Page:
Programmable Logic Controller Safety System for Surgical Robot

Introduction Surgical robotics is revolutionizing the way in which clinicians deliver health care. As the field of surgical robotics continues to evolve, it is important to keep patient safety in mind. A surgical robot presents a complex software and hardware system with strong requirements for safety. It is problematic to ensure safety of such systems as no known methods exist to prove correctness and robustness of complex control software. Technology description Researchers at the University of Washington have invented a programmable logic controller (PLC)
safety system for a surgical robot system. The system consists of programmable logic hardware which controls the running state of the systems at all times. PLCs are a highly reliable off-the-shelf technology that can easily and reliably be programmed for small numbers of states. PLC implementation is more reliable than implementation of equivalent functions in a computer. This system provides a level of predictability, reliability, and robustness sufficient for animal surgery evaluation. Business opportunity The future of computer-assisted navigational and robotic surgery will include a series of technologies that will be combined to improve the quality of surgical care. There will be niche market opportunities not only for developers and marketers of software, surgical navigational systems and surgical robotics, but also for companies marketing pre-operative imaging systems, such as CT scanners, surgical simulation systems for training, real-time intraoperative image guidance systems, such as three dimensional ultrasound systems, and force reflection and feedback systems. The worldwide market for computer-assisted surgery and surgical systems is currently $500 million, growing at annual rates in the 21% to 25% range. Intellectual Property Position This technology is available for licensing. Related Publication(s)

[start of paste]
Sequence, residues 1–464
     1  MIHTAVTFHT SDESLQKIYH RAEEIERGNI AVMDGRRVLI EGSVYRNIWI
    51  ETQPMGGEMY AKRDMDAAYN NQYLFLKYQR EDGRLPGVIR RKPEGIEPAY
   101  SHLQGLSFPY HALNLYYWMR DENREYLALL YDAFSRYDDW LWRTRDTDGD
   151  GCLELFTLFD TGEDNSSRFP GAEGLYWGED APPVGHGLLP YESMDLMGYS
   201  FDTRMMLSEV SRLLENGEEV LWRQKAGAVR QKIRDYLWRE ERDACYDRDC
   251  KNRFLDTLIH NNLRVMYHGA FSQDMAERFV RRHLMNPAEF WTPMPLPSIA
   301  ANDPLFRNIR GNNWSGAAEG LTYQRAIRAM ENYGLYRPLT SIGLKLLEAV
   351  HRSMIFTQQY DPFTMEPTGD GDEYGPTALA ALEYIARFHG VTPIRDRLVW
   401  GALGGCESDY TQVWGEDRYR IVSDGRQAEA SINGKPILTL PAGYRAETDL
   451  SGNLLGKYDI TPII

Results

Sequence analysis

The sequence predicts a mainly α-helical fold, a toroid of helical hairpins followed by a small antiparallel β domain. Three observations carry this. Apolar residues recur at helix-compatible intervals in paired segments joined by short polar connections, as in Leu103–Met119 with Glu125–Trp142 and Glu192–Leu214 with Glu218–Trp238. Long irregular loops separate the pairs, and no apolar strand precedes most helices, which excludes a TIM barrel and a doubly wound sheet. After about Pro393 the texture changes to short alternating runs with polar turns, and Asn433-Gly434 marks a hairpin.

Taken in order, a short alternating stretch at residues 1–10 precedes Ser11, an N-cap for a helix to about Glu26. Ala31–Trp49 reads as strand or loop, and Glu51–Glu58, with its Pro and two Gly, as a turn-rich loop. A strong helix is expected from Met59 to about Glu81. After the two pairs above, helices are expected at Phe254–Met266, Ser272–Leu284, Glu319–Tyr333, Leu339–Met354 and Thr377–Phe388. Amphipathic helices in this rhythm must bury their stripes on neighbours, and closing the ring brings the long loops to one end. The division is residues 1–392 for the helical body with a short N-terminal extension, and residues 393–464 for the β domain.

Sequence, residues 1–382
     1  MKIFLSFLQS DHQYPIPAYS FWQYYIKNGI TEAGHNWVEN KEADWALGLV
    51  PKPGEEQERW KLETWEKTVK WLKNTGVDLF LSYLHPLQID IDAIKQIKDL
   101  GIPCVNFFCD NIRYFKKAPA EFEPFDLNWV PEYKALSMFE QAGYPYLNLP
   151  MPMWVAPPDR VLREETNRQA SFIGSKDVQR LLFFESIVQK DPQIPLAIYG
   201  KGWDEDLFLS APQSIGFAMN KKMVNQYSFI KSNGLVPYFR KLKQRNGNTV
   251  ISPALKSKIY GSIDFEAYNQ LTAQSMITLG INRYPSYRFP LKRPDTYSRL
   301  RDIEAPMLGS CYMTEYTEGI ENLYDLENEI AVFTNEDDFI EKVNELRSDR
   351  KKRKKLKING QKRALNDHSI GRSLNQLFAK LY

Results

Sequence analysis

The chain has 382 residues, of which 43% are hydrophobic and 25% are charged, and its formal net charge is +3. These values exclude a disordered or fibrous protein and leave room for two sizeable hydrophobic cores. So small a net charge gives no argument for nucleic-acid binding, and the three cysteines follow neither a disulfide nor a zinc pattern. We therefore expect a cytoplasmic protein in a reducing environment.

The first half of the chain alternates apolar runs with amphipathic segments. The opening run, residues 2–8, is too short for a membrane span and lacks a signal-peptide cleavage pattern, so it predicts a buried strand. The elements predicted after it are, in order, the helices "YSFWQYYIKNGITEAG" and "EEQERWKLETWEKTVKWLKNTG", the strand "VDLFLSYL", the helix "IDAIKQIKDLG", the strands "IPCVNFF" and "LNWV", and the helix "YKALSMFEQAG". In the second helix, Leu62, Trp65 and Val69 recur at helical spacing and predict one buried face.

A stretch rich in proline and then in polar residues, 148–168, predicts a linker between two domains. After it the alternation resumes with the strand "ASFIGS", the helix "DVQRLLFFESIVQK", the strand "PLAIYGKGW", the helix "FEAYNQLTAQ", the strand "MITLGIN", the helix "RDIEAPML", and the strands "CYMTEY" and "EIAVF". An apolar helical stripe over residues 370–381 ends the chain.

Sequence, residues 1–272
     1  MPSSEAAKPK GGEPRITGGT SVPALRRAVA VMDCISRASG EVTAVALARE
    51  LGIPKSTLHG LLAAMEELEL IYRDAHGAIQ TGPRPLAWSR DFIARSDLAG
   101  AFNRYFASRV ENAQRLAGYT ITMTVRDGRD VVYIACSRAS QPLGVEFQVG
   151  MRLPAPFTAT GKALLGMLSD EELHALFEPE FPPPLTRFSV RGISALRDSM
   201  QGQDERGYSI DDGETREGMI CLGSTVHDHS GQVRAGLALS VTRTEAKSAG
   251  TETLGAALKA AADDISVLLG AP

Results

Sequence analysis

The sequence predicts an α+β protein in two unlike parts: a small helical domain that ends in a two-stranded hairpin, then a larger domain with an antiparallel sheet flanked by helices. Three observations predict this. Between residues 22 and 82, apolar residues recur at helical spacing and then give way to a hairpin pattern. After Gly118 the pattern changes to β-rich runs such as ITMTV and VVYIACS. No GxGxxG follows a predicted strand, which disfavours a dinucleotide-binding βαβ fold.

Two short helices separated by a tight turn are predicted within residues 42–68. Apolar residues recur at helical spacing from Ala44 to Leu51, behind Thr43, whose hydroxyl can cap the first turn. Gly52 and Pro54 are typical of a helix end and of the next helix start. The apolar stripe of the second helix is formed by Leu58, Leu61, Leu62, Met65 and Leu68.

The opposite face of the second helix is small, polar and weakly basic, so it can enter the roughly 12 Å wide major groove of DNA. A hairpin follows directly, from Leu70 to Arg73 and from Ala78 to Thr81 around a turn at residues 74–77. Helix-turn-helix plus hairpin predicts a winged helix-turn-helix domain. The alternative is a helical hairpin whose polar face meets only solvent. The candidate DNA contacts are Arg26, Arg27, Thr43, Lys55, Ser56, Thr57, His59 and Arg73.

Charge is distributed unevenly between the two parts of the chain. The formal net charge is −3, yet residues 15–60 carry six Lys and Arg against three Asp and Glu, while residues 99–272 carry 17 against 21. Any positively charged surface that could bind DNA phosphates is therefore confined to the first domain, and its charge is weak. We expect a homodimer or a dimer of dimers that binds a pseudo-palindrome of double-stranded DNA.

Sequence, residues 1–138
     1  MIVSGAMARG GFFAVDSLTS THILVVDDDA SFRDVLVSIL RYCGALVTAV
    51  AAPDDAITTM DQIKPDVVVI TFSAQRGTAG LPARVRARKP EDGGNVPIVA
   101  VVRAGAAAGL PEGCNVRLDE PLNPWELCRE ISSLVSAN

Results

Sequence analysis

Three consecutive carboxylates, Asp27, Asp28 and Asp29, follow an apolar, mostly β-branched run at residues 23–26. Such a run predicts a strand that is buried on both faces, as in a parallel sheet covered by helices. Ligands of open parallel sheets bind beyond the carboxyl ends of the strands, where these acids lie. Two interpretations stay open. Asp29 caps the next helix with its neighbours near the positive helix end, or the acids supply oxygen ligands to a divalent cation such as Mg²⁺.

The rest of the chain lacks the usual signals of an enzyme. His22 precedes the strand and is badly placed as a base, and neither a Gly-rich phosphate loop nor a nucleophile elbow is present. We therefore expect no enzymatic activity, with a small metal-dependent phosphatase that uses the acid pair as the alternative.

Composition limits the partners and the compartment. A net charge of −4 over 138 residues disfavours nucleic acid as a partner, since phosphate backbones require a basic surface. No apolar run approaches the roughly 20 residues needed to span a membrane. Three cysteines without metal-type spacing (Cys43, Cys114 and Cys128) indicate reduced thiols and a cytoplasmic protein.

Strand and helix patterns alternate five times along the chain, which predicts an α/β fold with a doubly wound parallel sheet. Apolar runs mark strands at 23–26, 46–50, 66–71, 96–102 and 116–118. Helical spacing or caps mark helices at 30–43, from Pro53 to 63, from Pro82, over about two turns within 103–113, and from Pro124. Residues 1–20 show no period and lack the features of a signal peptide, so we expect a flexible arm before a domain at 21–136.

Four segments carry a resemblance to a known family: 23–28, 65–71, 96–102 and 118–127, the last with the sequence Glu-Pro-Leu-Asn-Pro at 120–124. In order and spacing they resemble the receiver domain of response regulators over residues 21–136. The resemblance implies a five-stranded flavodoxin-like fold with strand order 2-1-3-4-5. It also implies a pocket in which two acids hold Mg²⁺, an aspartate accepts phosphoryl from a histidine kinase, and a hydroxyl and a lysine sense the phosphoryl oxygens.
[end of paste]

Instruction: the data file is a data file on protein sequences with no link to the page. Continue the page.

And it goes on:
Fodero K 2nd et al, Control system architecture for a minimally invasive surgical robot, Studies in health technology and informatics. 2006;119:156-8.

Type of Offer: Licensing

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